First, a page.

Follow us on:

Opalina Salas

Opalina will read from her collection of poems “Black Sparrow Dress” at Inner Moonlight, on Wednesday, May 8th.

Opalina Salas

Opalina will read from her collection of poems “Black Sparrow Dress” at Inner Moonlight, on Wednesday, May 8th.

Black Sparrow Dress

Black Sparrow Dress
Opalina Salas
Mad Swirl (2019)

Logen Cure: Black Sparrow Dress is such a beautiful title. How did you choose it?

Opalina Salas: Black Sparrow Dress is an homage to Black Sparrow Press, the publishing house that brought the world Charles Bukowski. Although many won’t consider my poetry very much like his, I feel that his spirit of ‘observe and record’ has been my guiding force throughout my experience as a poet. Bukowski’s writing was influenced by the social and cultural spirit of Los Angeles. I feel that my work contained in this collection is inspired by the same spirit of my home, Oak Cliff. He wrote about the ordinary lives of the poor, alcohol addiction and the act of writing. My poems also reflect these concepts but are written in the perspective of a woman, therefore, the idea of the symbolism of a dress came to mind. I have also recently been through a very transformative phase in my life that has had me questioning the ideals of femininity and all that it entails for a modern woman in these tumultuous times. Also, I think about Frida Kahlo’s piece ‘ My Dress Hangs There’ , when I think about the influences I have as a Chicanx woman and the duality of experiences and the feeling of ‘not fitting in.’ 

LC: Which poem from the collection was composed first?

OS: The first poem composed was ‘Hang Drapes’ which was written at the lowest emotional space I have ever been in. It is about the act of placing drapes on the wall to cover the reality of the beauty of the world that I was unable to see. I was lost in a world of fantasy that was covered by gold threads but was constantly fighting the images of a past that kept me trapped in emotional chains. The drapes still hang on my wall, and were the subject of a portrait I was featured in by photographer Danny Fulgencio for a 2011 interview in The Oak Cliff Advocate. This was my own little Factotem. 

LC: Which poem from the collection was composed the most recently?

OS: The most recent poem is ‘Saving Snow White’, which is the last poem in the book. It has the resolve and strength that the first poem’s voice was searching for. The chronological spread of the two span almost 20 years in the development of the body of work. I am thankful that my editor, MH Clay, was able to see the progression and find the story that tied all the pieces together. 

LC: I think all writers have obsessions. What are yours?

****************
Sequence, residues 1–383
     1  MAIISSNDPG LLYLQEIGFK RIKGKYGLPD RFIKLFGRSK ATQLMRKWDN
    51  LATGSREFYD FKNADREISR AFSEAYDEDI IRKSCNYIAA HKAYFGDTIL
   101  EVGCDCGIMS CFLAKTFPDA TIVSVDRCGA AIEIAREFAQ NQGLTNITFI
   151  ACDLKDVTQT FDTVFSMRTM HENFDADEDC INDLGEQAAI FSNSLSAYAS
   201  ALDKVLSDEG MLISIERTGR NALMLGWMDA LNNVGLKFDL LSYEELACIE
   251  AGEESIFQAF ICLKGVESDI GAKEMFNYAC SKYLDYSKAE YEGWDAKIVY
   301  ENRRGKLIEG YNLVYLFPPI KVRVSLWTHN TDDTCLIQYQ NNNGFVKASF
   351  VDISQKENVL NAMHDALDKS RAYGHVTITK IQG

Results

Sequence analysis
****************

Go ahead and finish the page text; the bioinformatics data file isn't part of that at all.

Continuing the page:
OS: People? I think that maybe I am the kind of person that can fall in love with anyone, and does quite frequently. It isn’t odd to find myself composing poems for strangers on the bus, or for the new poet I may have seen perform at a local open mic. I love to hear voices and try to mimic them to myself. I am a master at eavesdropping just for the delight of conversation and dialog. I love storytellers and gravitate to them naturally.  

LC: How does the DFW poet community affect your work? How do you envision your role in the community in terms of your identity as a poet?

OS: I feel very influenced by my peers and mentors in the DFW poetry community. I have been an avid participant and organizer of open mics in the area now for almost 25 years. In the early days of performance I was astounded by the works of local poets Clebo Rainey, GNO, Jason Carney, Cj Crit and her Angry Girl Sextet, Question Authority, Fran Carris, Paul Sexton, Megan Harris and my beat papa Dick Sevrens. These poets took me under their wings and gave me time and guidance to help me find my voice. Today I find myself surrounded by great talent and drive that the new generation of poets brings to the community. I know that I would not have been inspired to make this collection happen without Mad Swirl and the poets I love who are involved in its incredible creations. I am also very influenced by the local music scene that for me is anchored by Jeff Liles and his curation of The Kessler Theater, and by Tradewinds, an amazing spot for local indie and experimental bands to spread their talent.  Being surrounded by all these influences has made me want to be a mentor and an open heart for others as they were to me. I host open mics, and am a part of WordSpace, in hopes that if it is someone’s first time, that it is as memorable and warm as mine.

LC: What’s the most recent book of poetry you’ve read?

OS: No Dictionary of a Living Tounge by Duriel E. Harris

Opalina will read from her collection of poems “Black Sparrow Dress” at Inner Moonlight, on Wednesday, May 8th.

Published on

Logen Cure

Logen Cure is a queer poet and professor. She curates Inner Moonlight, the monthly podcast reading series for The Wild Detectives in Dallas. She's an editor for Voicemail Poems. She earned her MFA in Creative Writing from the University of North Carolina at Greensboro. Her debut full-length poetry collection, Welcome to Midland (Deep Vellum Publishing, 2021) was shortlisted for the Reading the West Book Awards. She lives in Dallas-Fort Worth. Learn more at